THE VIEW FROM CHAOS MANOR
View 305 April 12 - 18, 2004
Highlights this week:
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April 12, 2004
I am way behind on taxes and paying bills, and a spring cold has laid me out. I did an essay on republic, empire, and the Iraqi situation Saturday, and it follows one I did Friday. There is a good discussion of C and programming in today's mail, and there was a lot of good mail Saturday. More later.
For information on next week's Space Access Society meeting, see mail.
On Iraq: one suspects that as time goes on, the 500 or so people who have some actual influence in Iraq will conclude that it may be best to have a single leader, but NOT THIS ONE, and al-Sadr's support will begin to melt.
While there is some sentiment for an Islamic Republic among some elements, it doesn't appear to be a majority. Iraq is a comparatively well educated country, with many western cultural patterns running rather deep but imposed across a clan and tribe system.
The way out for the US is to bring in a decentralized government -- a Council of 500 -- and allow them to work out the blood prices to be paid for the Iraqi AND Coalition casualties. So long as this is under serious discussion the requirement for blood vengeance doesn't apply and in fact is forbidden.
One wonders if the sheiks of Fallujah ever read:
Last week in Note 1 to one of my essays, I apologized to the Clintons for taking them to task over Travelgate; and I have been duly castigated by many who point out that they didn't just fire the civil servants in the travel office, they abused power and accused these people falsely of crimes in order to get their slots for their friends and relatives.
In fact, I knew this, although it was not foremost in my thoughts when I wrote that. And in that sense it was an evil deed. Yet, had we not had the pretense of non-partisan civil service; if we had the old fashioned spoils system, this wouldn't have happened because there would have been no need.
One of the differences in the two parties is that the Republicans always have problems filling many of the offices that are political, because most competent people would rather do something other than work for the government, particularly in a job that by definition is temporary and won't last past the next election. This was the major fault of the spoils system: it's hard to find competent people to fill some jobs, so the notion of a non-partisan civil service that merely carries out the policies of the elected officials, and does so efficiently, is extremely tempting.
And sometimes it works. There are bureaus that are known for their competence and which do stay out of politics. This is less so now than in the past when the Hatch Act forbidding civil servants so much as to donate to a political race, much less take open sides even on "their own time", was strictly enforced. The notion of the Hatch Act was to shield the civil service from pressures; but of course doing that "deprived them of political rights" -- something they presumably knew would happen when they competed for the jobs in the first place.
So: let me assure all of you, I do know that this is not a simple issue. One the one hand, if you can't fire civil servants and roll out bureaucrats you can't make any real changes in the way government works. Of course as a conservative I do not want frequent changes in the way government works. On the other hand, I am not dedicated to the proposition that government ought to expand without limit, and I do very much believe that electi0ns ought to mean something, at least sometimes; that sometimes there really does need to be some clean sweeping.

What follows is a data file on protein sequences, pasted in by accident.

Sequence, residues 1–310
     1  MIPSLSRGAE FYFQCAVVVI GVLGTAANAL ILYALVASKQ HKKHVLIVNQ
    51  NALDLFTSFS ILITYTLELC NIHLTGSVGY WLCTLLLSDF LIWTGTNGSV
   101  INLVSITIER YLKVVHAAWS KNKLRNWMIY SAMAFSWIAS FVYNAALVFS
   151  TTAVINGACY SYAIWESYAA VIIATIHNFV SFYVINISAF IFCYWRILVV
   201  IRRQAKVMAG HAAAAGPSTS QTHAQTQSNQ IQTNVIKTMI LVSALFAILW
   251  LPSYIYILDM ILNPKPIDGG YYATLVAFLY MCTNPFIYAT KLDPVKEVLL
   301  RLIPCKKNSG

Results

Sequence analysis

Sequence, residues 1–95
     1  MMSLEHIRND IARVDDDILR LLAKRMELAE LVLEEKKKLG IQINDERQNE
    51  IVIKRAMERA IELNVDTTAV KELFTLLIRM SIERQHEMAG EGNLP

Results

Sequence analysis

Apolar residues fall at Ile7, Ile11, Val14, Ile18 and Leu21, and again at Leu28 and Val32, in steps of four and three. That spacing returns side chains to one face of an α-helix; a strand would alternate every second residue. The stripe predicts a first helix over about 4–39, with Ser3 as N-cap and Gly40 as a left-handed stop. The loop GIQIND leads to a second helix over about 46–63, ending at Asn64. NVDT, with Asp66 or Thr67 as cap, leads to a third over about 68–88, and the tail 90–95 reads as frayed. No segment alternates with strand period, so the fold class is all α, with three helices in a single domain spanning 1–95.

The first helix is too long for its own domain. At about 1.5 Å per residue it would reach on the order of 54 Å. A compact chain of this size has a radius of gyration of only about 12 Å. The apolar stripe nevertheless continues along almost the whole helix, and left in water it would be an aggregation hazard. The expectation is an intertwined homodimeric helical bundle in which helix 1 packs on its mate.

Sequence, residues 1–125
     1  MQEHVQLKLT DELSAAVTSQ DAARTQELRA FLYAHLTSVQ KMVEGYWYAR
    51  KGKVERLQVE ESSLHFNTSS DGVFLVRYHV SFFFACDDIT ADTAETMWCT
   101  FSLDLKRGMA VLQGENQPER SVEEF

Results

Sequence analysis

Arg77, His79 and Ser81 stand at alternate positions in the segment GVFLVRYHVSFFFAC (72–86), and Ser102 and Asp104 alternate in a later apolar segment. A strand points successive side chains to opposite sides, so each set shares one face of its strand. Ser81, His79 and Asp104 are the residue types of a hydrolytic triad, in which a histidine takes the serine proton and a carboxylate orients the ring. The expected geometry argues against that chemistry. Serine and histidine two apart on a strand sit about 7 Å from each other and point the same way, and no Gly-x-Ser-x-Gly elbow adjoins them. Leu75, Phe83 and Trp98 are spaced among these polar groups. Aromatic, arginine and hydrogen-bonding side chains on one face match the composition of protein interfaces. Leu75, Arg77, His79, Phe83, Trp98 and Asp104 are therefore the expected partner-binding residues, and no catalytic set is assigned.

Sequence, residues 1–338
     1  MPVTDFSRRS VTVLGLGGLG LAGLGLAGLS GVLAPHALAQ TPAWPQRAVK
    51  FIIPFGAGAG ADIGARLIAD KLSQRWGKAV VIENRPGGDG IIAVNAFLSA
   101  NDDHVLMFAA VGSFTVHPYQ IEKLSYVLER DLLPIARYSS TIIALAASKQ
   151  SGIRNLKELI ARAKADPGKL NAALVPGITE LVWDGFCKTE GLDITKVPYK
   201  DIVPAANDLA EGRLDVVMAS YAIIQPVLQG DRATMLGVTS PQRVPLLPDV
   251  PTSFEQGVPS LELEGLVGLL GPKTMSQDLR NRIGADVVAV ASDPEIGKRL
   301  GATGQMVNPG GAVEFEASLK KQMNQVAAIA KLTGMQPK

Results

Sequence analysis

I am not insane enough to think I know how to solve this problem once and for all.
I do think, in principle, that the less important the government becomes to people's lives, and the smaller the bite that it takes from the general income, the less serious such matters are; that the best "solution" to the problems I pose here are to cut way back on what we expect the Federal Government to do, then on what we expect from State government, and lay as many of those burdens on cities and counties as possible: whereupon many people will say to heck with it and strip those functions from any government and go back to doing them through associations and private acts, as de Tocqueville described. But that's probably dreaming.
And yet, I can remember a time when the local mayor was far more important in our lives than the President, and when the federal government had little to no impact or contact on the lives of the people of Capleville, Tennessee, who did in fact govern themselves, and rather well, as I recall. And in those times there weren't any "slots" to covet.
So: for those worried about my sanity, no, I haven't forgotten that the Clintons were rather brutal in the Travelgate issue, the more because the stakes were so low and the spoils so petty; and I don't forgive them their methods. But I will repeat that they had a point even so. We have tried to put things beyond politics, and often have simply managed to get them beyond the reach of elected officials to make any change.
I have always remembered a phrase in The Road to Serfdom about the German people becoming disgusted with the burdens of the Weimar Republic which didn't seem to be able to change anything no matter what, and turning to the National Socialists who did at least look to be able to do something, to make things change. (The lesson of course is to be careful what you wish for.)